Songstress Madeleine Peyroux is known to her fans for intimately arranged covers
of the early American blues and jazz repertoire. She began as a teenage busker, honing her vocal and guitar skills on the famously quaint, acoustic streets of Europe, where she molded her style on the cornerstones of jazz: Billie Holiday, Bessie Smith and Louis Armstrong. Amidst an oddly sparse recording career beginning in 1996, she is most known for her 2005 release ‘Careless Love’ (Rounder Records), produced by Larry Klein (Joni Mitchell, Herbie Hancock) who fused Peyroux's personal and vulnerable take on more modern material, i.e., Leonard Cohen, Bob Dylan, cult legend Elliott Smith, with that of her beloved torch songs and early blues.
Peyroux took a turn into uncharted territory with her last album, ‘Bare Bones’, a collection of self-penned compositions and co-writes with heavy hitters such as Joe Henry and Steely Dan’s Walter Becker. Although generally met with critical acclaim, it garnered less attention than her previous work. She toured until mid 2010, including a triple bill with Diana Krall and Melody Gardot in Australia, and is now keeping behind the scenes in preparation for a return to the studio. Producer Craig Street (Cassandra Wilson, Joe Henry, Chocolate Genius, Norah Jones) is set to hold the reigns this time, and the album will be all new compositions. "I have been building on the relationships I developed in co-writing, and something new has taken hold of me," Peyroux says. "This project is meant to be a wider dreamscape than previous recordings. I'm interested in exploring tougher sounds, even ugly sounds... trying to find something more raw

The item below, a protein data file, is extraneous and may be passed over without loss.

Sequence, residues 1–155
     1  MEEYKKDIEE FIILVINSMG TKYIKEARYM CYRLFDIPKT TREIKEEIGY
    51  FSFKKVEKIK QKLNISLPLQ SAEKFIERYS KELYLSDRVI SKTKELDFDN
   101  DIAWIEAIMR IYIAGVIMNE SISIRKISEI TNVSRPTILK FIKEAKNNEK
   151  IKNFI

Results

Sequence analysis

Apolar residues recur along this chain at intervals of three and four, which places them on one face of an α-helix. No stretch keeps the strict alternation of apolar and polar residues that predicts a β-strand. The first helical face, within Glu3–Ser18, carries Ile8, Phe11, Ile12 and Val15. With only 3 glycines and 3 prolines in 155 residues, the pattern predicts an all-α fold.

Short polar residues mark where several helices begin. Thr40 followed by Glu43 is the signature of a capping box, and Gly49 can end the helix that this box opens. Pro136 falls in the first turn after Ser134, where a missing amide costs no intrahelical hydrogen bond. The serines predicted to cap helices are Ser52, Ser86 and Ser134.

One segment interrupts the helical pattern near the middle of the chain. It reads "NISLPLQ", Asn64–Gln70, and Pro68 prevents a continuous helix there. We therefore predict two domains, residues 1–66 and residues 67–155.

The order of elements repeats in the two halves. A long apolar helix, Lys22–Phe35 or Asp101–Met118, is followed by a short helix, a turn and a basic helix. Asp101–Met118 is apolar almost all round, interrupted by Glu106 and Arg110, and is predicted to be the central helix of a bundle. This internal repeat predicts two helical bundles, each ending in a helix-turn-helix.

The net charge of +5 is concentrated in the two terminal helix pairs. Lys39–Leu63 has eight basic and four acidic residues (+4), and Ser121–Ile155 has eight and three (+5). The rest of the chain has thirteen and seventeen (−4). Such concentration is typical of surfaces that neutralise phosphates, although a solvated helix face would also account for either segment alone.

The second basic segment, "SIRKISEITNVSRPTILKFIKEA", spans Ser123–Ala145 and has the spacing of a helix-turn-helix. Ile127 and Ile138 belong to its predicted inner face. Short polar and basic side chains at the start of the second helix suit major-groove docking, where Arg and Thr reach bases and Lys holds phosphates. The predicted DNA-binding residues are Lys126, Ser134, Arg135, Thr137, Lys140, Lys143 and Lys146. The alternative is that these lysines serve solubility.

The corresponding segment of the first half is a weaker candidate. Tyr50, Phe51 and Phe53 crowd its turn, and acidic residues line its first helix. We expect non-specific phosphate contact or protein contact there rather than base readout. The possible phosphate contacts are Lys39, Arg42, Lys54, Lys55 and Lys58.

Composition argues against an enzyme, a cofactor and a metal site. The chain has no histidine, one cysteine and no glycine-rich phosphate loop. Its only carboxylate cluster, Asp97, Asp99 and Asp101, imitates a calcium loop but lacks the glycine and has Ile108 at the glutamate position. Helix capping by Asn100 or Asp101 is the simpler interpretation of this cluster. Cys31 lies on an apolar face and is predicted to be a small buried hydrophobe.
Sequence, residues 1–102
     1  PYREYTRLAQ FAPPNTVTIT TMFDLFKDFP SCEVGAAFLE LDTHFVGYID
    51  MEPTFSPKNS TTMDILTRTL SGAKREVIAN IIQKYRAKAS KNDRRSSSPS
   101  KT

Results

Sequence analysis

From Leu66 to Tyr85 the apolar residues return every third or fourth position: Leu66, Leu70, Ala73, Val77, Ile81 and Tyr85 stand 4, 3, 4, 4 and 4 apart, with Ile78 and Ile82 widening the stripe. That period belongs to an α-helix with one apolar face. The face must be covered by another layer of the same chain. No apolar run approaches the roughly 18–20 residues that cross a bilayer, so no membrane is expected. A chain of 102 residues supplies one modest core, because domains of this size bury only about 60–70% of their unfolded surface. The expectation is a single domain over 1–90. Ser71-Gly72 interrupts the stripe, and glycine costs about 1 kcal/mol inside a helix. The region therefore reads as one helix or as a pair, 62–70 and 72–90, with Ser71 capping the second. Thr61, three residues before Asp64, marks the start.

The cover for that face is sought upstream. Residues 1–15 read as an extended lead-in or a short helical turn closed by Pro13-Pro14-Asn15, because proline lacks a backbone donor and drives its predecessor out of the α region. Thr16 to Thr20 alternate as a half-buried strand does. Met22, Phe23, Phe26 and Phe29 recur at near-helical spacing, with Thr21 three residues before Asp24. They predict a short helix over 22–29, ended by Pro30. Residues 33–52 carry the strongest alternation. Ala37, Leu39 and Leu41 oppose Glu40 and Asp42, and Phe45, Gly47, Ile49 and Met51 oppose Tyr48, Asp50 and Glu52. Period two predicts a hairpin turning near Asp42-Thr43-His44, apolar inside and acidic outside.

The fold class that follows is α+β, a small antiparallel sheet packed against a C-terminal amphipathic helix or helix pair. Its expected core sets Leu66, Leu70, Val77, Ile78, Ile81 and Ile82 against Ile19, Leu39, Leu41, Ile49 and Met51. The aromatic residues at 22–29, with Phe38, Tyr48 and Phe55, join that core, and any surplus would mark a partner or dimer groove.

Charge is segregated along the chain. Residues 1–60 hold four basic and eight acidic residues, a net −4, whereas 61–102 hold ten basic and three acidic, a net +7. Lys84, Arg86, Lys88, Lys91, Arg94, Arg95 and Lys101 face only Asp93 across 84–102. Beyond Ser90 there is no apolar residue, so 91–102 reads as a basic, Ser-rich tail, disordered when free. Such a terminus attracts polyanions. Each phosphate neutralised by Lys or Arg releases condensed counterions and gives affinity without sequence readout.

than the voice that I have now, and in the accompaniment that I have become used to."
One interesting collaborator that may have the key to opening new doors is the Rolling Stones’, Bill Wyman, whom Peyroux met at the Nice Jazz Festival while waiting to hear B.B. King, and the two then began writing together. A strong point for Peyroux this year was performing their song for the children of a displaced persons' camp in Port-au- Prince, Haiti this summer. The song, entitled 'The Kind You Can't Afford', Peyroux says, is a testament to owning what money can't buy. About the visit, she recounts, "I've had
a sincere desire to be in Haiti ever since I started reading Edwidge Danticat, but never did visit before the storm. It was a life-changing experience which I'll always remember, and the songs I performed there will now always have that flavor of pure music and joy in my memory." Other current collaborators include Jonatha Brooke, David Batteau, Andy Rosen, and Jenny Scheinman.
The album is due to be released in 2011, and Peyroux plans to begin touring again in the US and Europe in early spring. "I think my fans are eager to hear something different," Peyroux says, and pauses with restraint before adding, "Music has grown into another place in my mind... I am the same singer that I was as a teen, that wants to grow into music, wherever it comes from. I don’t believe I’ve given up anything. I’ve added to myself.” Let's hope that that little air of restraint doesn't hold her back.
Written by Rye Chusley